Integrated community case management of childhood illness
This work is studying whether children under the age of five who have fever due to malaria, pneumonia and diarrhoea can be effectively managed by trained community health care workers. The questions being studied are whether an integrated diagnostic and treatment approach going beyond malaria is feasible, leads to a more rational use of drugs (antimalarials and antibiotics) and improves the outcome of the disease, ultimately reducing deaths. All patients are screened for the three diseases through rapid diagnostic tests for malaria, disease history and respiratory rate counting. Treatment is administered based on these test results – artemisinin-based combination therapy (ACT) for malaria, oral antibiotics for pneumonia, and oral rehydration therapy and zinc for diarrhoea. Countries include Burkina Faso, Ghana, Nigeria, Malawi, the Democratic Republic of the Congo and Uganda.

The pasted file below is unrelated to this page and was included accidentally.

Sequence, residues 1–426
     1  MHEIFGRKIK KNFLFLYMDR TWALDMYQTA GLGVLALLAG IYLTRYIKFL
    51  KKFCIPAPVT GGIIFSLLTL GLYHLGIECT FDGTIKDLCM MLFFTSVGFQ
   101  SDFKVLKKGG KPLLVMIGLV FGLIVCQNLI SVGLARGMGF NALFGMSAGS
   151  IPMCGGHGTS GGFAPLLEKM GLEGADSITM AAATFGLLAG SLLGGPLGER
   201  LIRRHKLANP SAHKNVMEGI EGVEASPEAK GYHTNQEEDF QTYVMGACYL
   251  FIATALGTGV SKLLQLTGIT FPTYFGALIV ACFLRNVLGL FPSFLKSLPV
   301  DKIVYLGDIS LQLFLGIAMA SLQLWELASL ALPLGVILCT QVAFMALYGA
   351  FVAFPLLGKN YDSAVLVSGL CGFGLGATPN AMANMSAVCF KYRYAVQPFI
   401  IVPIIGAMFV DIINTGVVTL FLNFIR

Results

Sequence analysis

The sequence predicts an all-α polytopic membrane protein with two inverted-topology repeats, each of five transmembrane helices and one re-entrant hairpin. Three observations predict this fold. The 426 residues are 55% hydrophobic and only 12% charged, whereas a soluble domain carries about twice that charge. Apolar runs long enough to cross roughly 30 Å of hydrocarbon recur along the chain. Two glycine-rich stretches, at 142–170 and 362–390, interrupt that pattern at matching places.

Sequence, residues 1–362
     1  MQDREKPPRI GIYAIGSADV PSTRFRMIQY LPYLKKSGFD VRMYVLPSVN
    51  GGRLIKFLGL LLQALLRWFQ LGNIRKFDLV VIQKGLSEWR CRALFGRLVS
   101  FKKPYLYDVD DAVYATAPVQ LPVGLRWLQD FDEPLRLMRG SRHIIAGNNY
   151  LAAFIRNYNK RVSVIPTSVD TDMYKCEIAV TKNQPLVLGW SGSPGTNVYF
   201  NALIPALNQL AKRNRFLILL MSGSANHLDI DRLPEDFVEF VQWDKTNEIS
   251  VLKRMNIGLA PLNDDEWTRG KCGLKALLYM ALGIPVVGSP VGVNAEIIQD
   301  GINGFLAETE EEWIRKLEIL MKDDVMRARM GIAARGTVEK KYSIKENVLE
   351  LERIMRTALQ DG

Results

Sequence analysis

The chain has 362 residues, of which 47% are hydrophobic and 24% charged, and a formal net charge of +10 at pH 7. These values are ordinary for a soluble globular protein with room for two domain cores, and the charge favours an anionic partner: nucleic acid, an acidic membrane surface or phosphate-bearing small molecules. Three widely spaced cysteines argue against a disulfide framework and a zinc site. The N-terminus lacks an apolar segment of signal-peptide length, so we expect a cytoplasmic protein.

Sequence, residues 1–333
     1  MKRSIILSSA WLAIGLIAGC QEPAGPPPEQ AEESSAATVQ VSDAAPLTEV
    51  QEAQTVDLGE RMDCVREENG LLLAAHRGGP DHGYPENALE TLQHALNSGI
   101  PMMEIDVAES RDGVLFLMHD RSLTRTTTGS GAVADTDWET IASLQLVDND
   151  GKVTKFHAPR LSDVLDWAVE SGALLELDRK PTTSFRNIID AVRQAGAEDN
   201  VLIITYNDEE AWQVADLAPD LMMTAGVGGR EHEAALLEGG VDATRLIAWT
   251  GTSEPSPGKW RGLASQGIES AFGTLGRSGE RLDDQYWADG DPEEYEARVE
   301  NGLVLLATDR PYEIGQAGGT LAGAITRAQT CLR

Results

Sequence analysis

- Malaria studies now being used to save lives
- African health services from a community perspective
- Improving fever management
- Surviving severe malaria – looking at the long-term impact on childhood disability
- Pre-referral rectal artesunate treatment of childhood malaria in the community: a manual
- New support for rectal artesunate treatment for malaria